Should you refinance your mortgage? Refinancing an existing mortgage loan is a great financial choice for many borrowers. One of the reasons it’s so successful for so many individuals is that it offers a variety of choices each homeowner can tailor to fit their own financial situation and goals.
What are these choices and what can they do for you? Here’s what you need to know to decide between a cash-out refinance, shortening your terms, and lowering your payments.
Refinancing to Lower Payments
One of the most popular refinancing choices is to reduce the size of your monthly payments. How does refinancing accomplish this? It can happen in several ways. First, if you financed more than 80 percent of the value of the property, you likely have to pay private mortgage insurance (PMI) on top of your payment. Refinancing once you owe less than 80 percent can remove PMI.
In addition, if you refinance when interest rates are lower, the interest portion of each month’s payment is lessened. Even if the amount of capital borrowed is the same, the lower interest rate may result in less overall money owed.
Finally, refinancing when you have paid off a significant amount of what was originally borrowed means you can borrow less this time. And the payments on a $150,000 mortgage will be lower than those for a $200,000 mortgage even over the same time period.
Refinancing to Take Out Cash
A cash-out refinance is another very popular choice for borrowers. In this scenario, your goal isn’t to reduce the payments but to access the equity sitting in your home’s value.
How does a cash-out refinance work? Consider a borrower with $300,000 left on their mortgage but whose home is currently appraised at $500,000. There is $200,000 equity available in that home if you can tap it. This homeowner could take out a new loan for up to 80 percent of the current value (or $400,000), pay off the original $300,000 mortgage, and use the remaining $100,000 for other expenditures.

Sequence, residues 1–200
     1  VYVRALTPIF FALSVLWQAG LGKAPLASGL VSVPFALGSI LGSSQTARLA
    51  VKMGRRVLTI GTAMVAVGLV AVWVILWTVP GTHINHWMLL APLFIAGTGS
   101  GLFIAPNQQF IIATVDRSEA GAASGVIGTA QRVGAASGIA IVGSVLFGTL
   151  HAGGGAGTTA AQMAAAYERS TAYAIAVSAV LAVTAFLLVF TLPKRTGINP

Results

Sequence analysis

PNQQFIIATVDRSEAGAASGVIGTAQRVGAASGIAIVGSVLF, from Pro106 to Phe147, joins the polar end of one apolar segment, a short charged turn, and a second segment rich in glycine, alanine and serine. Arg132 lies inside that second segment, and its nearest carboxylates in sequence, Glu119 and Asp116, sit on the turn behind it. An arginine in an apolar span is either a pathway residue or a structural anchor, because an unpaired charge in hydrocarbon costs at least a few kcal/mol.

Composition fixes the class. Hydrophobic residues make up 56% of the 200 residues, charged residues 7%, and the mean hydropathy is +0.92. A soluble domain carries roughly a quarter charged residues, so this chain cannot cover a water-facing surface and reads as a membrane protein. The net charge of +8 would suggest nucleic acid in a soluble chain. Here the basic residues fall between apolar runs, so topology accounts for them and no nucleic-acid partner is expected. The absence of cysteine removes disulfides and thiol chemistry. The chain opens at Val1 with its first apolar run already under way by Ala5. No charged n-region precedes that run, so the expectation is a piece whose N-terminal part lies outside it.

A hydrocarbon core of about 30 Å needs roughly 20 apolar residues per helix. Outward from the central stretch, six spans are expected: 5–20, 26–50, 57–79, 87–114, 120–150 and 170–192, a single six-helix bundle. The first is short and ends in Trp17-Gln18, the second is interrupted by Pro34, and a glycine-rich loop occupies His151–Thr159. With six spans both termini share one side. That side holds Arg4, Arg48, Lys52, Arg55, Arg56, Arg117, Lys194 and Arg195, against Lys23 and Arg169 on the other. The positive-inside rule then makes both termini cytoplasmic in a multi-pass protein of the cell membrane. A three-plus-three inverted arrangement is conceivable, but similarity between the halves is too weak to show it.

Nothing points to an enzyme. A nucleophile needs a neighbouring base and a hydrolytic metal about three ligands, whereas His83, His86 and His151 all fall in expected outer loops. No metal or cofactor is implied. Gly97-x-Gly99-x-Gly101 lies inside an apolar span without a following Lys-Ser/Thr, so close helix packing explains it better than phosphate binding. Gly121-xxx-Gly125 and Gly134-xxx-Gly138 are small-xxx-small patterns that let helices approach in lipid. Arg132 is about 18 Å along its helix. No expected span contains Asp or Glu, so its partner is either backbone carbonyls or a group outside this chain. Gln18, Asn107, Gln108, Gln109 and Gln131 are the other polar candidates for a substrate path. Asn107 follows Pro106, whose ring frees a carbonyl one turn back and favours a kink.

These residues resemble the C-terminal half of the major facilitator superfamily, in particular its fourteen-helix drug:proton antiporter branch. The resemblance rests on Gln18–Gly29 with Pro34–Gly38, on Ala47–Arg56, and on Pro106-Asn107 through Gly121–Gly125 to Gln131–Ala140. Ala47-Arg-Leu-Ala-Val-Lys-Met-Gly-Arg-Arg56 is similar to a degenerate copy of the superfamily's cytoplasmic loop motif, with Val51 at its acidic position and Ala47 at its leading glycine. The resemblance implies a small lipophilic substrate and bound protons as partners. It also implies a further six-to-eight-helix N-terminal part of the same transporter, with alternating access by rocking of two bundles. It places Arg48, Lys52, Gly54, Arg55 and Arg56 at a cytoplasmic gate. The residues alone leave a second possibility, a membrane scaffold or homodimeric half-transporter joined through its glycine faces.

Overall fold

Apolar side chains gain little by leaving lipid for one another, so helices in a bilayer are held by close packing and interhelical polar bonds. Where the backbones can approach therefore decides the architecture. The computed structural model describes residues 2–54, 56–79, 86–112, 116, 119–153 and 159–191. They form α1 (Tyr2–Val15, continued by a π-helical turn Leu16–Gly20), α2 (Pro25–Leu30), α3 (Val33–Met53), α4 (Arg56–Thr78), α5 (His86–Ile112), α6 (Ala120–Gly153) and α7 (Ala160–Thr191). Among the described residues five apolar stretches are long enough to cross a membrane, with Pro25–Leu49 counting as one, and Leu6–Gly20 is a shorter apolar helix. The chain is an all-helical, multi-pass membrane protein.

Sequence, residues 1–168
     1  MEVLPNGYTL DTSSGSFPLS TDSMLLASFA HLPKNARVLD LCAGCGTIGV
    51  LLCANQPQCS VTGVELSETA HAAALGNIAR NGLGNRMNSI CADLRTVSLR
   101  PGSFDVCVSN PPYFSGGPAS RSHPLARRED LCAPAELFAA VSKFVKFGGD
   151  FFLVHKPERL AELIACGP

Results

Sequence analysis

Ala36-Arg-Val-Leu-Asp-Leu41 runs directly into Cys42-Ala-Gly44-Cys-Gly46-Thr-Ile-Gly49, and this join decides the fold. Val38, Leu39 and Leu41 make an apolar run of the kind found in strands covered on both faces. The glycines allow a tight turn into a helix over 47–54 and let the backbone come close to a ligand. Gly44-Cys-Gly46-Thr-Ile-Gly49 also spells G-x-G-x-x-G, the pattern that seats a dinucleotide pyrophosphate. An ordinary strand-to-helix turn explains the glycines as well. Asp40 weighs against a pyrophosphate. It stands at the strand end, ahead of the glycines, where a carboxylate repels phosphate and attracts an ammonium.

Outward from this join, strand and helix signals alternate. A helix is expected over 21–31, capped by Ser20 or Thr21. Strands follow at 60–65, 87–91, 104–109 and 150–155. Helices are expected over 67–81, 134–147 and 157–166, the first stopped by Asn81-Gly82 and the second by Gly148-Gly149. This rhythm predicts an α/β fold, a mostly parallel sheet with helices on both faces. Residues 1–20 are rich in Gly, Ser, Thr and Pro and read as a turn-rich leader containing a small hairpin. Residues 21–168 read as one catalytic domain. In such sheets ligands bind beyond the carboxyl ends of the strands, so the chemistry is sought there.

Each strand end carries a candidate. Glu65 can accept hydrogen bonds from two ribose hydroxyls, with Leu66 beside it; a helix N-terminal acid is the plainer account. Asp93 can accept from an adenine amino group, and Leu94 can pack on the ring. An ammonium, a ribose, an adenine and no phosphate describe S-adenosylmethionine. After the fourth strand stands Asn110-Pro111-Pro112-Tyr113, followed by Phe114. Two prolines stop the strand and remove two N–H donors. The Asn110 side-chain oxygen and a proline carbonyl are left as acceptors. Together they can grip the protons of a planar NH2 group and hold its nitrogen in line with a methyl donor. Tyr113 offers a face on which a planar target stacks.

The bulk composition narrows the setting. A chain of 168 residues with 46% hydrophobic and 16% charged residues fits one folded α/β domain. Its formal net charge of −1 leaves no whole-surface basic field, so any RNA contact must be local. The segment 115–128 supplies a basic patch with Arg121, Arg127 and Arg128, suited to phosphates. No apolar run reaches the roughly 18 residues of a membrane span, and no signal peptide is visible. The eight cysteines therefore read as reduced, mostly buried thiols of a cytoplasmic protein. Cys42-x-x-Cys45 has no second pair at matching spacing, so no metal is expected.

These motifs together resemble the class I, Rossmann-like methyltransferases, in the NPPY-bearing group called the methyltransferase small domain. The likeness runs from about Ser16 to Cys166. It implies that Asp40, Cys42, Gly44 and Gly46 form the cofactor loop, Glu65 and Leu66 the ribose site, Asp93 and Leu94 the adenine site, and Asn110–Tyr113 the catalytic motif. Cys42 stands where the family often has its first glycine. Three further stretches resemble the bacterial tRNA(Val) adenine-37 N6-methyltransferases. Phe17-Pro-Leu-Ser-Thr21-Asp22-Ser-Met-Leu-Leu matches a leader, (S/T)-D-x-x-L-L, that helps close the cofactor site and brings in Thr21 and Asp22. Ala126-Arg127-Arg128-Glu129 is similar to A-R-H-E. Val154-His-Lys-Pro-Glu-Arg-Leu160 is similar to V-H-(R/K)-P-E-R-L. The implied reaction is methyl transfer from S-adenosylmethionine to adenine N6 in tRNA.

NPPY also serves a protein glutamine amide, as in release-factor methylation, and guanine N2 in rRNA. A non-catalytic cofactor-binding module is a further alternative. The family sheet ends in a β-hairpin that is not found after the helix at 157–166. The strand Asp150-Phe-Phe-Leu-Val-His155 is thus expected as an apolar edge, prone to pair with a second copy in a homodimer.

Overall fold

Cash-out refinancing may or may not result in lower payments. If interest rates are low or you can get rid of PMI, you may get both the extra cash and lower monthly bills. However, because low-interest liquid cash is the goal, it may also result in similar or even higher payments. Many people use this option to pay off higher-interest debt and to save money.
Refinancing to Shorten Your Terms
Finally, don’t overlook the value of refinancing to pay off your loan sooner. This is a popular choice for borrowers who took out a standard mortgage when they earned less or had less financial stability. If your earning power has risen over time and you can afford to do so, you may want to get rid of your mortgage sooner and save money. It may also help those with a deadline such as retirement.
By opting for a new loan stretched over fewer years — such as a 10-year, 15-year, or 20-year mortgage — you can save thousands of dollars on interest over the course of the loan. In addition, many lenders offer better interest rates for shorter terms, adding to the money savings.
How to Choose a Refinancing Option
Which refinancing goal is right for you? The answer is unique to each borrower. The best way to find the right path is to consult with a reliable refinancing lender and learn more about how these choices will affect your particular mortgage.
Dominion Capital Mortgage, Inc. has helped homeowners refinance to improve their finances and meet their goals for more than 15 years. Call today to speak with our team and get your questions answered.